In checking growth of alfalfa fields this spring, Michigan State University researchers found many established stands with extreme weed pressure. Upon further examination, the alfalfa plant itself was observed to have black spots on the stems and lower leaves. Alfalfa samples were taken to Michigan State University Diagnostic Services and were determined to be infected with 'spring black stem', a disease caused by a fungal pathogen, Phoma medicaginis var. medicaginis.
This fungus survives on crop residue, stems and crown through the winter and summer in alfalfa stands and ooze spores during cool, wet weather, which occurred in Michigan in late fall 2011 and April 2012. The spores are splashed onto young leaves and stems during periods of rain.
Spring black stem is found early in the season and can reduce first cutting yields 40-60 percent in moderate to severely infected fields. Symptoms include black areas on the lower sections of the stem and foliar lesions appear as small black spots. Leaves become infected by spores splashed by the rain. Heavily infected leaves turn yellow and drop. It is recommended to harvest heavily infected fields early to prevent both yield and quality losses from leaf drop. Scout fields weekly to determine the extent of the disease and make cutting decisions.
Spring black stem is rarely a significant problem in new seedlings. Yield loss is due to stunted growth of infected plants and from stem death. The loss is likely only temporary as the alfalfa crown will put out new shoots. However, the dying alfalfa stem will allow weeks to grow and replace the alfalfa reducing quality. The fungus may spread to the crown and cause crown rot, death of emerging seedlings, and root rot of mature plants if weather conditions are favorable (60-75 degrees Fahrenheit and damp). After first cutting, the disease is rarely of significance, although the crown rot phase of the disease may continue to develop.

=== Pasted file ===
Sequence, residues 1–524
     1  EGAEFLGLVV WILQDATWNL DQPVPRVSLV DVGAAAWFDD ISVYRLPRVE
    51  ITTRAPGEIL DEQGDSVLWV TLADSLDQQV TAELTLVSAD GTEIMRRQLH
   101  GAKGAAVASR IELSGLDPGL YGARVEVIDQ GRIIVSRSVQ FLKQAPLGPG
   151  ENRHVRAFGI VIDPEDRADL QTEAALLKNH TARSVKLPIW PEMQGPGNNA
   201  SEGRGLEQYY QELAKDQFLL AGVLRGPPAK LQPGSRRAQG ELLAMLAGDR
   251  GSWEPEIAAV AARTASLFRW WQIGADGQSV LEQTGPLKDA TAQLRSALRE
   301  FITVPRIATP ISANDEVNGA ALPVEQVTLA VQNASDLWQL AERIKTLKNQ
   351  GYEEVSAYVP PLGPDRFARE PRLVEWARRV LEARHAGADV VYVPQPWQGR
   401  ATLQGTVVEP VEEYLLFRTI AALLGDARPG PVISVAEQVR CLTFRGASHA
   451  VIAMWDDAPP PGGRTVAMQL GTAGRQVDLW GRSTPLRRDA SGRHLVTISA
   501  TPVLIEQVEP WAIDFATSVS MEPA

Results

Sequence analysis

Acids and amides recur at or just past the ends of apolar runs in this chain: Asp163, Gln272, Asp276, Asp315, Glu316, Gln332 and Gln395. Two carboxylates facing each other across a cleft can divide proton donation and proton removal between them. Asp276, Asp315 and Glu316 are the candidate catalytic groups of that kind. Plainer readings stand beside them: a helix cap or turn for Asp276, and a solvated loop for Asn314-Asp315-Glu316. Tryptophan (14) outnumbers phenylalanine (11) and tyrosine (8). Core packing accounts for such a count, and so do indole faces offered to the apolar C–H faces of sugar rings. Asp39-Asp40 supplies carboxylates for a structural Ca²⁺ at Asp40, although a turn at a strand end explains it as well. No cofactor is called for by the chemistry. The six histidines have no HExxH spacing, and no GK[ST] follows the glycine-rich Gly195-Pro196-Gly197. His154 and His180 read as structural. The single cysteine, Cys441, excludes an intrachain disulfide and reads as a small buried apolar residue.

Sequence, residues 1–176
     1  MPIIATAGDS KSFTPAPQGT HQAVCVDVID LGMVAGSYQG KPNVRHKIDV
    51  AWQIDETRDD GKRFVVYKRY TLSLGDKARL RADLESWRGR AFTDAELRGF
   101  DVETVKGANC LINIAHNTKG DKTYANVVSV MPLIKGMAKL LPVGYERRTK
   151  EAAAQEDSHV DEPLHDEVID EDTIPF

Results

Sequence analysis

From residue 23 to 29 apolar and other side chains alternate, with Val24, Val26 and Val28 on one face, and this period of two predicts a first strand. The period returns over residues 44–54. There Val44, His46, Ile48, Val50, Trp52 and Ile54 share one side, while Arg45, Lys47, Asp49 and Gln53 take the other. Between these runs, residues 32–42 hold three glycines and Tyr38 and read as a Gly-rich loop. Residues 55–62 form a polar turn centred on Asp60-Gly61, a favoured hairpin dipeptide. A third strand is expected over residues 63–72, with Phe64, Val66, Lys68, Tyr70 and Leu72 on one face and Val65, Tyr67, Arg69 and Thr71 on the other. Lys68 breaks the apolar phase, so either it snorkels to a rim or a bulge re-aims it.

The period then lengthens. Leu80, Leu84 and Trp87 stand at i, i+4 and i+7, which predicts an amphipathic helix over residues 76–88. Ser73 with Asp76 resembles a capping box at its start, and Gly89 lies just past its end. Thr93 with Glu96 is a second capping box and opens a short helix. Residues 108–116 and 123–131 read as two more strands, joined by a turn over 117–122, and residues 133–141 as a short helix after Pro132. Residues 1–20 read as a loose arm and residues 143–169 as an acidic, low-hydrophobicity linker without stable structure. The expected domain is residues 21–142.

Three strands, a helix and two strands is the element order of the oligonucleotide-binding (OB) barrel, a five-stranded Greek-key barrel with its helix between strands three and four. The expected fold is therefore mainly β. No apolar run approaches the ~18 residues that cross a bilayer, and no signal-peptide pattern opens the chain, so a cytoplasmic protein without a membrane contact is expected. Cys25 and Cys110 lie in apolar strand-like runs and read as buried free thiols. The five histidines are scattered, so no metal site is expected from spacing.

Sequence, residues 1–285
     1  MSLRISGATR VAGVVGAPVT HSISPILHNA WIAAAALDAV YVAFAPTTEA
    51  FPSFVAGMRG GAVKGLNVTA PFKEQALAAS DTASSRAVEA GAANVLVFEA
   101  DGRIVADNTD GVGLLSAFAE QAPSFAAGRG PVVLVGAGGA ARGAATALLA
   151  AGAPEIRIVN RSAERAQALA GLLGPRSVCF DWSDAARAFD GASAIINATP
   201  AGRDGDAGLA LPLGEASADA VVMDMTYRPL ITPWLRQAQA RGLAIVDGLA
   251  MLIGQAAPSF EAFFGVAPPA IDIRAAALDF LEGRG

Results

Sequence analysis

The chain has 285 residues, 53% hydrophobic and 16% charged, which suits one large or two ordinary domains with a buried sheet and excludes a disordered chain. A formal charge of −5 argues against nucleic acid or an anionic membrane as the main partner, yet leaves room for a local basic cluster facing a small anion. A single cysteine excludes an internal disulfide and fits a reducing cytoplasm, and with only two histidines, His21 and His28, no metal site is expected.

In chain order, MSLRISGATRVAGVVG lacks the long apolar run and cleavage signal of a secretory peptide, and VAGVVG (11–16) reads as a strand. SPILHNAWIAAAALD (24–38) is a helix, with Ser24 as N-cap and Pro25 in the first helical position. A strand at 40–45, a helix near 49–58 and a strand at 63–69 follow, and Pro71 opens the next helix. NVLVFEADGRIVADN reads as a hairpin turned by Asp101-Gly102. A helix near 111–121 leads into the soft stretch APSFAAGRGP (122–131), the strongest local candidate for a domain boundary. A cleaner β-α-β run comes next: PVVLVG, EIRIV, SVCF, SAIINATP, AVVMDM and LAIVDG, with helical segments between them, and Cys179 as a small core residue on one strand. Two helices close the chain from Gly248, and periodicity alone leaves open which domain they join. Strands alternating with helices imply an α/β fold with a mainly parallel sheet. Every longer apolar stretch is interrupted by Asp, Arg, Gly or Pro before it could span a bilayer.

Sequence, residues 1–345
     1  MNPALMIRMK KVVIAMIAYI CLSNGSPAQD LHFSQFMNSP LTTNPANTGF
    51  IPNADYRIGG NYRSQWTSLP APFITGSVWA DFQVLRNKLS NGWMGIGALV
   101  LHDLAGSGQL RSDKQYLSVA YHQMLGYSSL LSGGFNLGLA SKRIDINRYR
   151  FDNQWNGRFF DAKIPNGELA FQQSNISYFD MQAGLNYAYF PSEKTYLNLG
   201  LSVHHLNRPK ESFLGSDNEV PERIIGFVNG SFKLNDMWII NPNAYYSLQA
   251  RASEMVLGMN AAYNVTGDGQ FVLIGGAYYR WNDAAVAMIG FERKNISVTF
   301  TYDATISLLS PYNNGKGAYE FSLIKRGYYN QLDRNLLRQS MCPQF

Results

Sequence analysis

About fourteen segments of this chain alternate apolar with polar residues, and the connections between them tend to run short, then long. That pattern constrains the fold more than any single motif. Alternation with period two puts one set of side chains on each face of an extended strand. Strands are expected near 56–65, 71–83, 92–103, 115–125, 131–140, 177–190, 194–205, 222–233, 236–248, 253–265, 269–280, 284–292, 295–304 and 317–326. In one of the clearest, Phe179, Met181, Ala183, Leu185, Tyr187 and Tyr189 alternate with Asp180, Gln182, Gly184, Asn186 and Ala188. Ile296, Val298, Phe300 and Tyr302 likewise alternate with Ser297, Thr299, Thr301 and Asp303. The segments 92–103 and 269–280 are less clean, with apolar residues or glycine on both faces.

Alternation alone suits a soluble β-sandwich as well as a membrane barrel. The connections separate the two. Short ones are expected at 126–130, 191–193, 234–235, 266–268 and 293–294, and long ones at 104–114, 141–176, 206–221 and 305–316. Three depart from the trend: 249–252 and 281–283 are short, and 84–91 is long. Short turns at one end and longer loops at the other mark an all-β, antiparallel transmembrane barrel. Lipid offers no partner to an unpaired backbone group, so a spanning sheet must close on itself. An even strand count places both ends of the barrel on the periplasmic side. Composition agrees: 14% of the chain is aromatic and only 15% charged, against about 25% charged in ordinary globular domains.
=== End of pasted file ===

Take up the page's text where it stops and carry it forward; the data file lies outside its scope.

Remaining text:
The effects can be minimized by managing alfalfa for optimal plant vigor – maintaining soil pH, harvesting regularly, and maintaining soil fertility. No cultivars with high level of resistance are available (University of Illinois). Commercial fungicide became available for use in alfalfa in 2010, however university trials in 2011 were limited and results were inconclusive (University of Wisconsin).